Editing Nested DataGrids in ASP.NET
If you have your heart set on using a DataList with a nested DataGrid, my good friend Joe Shook demonstrated a functional way to do this as well.
Define a Web Form with a DataList. In that form, implement your editing events. Each time the DataList.ItemCreated event fires, the ItemCreated event will send an argument containing a DataListItem. The DataListItem contains the dynamically created UserControl. Using the event argument, call e.Item.Find("uc1"), where uc1 is your UserControl's ID, to obtain a reference to the template-created UserControl. If the Find returns the UserControl, request the DataGrid on that UserControl and manually re-associate your edit event handlers with the DataGrid by calling AddHandler.
There are so many things I like about programming in .NET that the few things that seem out of whack don't bother me too much. From my own experience, conversations, and newsgroups, it appears that nesting a DataGrid in a DataList doesn't work quite the way one would expect. Perhaps this is by design or is a bug; we may never know.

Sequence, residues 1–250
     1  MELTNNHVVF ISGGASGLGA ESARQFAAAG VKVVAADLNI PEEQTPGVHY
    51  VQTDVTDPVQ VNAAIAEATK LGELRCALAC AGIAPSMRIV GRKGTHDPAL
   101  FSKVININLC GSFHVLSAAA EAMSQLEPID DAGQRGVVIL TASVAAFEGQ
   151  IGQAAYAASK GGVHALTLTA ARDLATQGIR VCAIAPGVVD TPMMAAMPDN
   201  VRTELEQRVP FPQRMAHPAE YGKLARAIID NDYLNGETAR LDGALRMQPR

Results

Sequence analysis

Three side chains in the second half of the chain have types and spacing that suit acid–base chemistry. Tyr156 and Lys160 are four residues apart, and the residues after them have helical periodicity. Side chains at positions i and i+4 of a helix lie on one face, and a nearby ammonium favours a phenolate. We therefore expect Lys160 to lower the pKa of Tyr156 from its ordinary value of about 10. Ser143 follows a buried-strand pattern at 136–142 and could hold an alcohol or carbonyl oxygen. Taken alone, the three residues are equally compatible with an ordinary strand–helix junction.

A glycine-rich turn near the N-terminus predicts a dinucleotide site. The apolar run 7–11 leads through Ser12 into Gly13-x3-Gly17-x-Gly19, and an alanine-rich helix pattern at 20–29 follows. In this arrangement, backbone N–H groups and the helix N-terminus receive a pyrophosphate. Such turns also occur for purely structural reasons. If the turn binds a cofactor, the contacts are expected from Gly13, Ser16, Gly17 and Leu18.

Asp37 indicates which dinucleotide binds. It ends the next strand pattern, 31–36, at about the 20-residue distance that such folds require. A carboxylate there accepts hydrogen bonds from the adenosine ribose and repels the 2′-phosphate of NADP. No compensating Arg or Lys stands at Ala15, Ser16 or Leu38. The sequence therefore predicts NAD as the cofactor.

Through experimentation, it appears that a nested DataGrid's edit events aren't restored when the DataGrid is nested in a DataList. In this article, Part 3 of 3, I demonstrated a workaround for the nonexistent edit behavior that excludes the DataList from the equation, requiring you to load a UserControl containing a DataGrid for each object in the master data source—this is the data used as the DataList's data source. As an alternative, you can use the DataList with a nested DataGrid, but you will have to manually find the dynamically created DataGrids defined in the DataList's templates and re-associate the DataGrid event handlers in the DataList's ItemCreated event. The later approach, while not shown here, has been demonstrated to work.
I suspect from conversations I have had that Microsoft is aware of this relatively minor problem and a more permanent solution will be forthcoming.
About the Author
Paul Kimmel is a software architect, writer, and columnist for codeguru.com. Look for his recent book Visual Basic .NET Power Coding from Addison-Wesley. Paul Kimmel is available to help design and build your .NET solutions and can be contacted at firstname.lastname@example.org.
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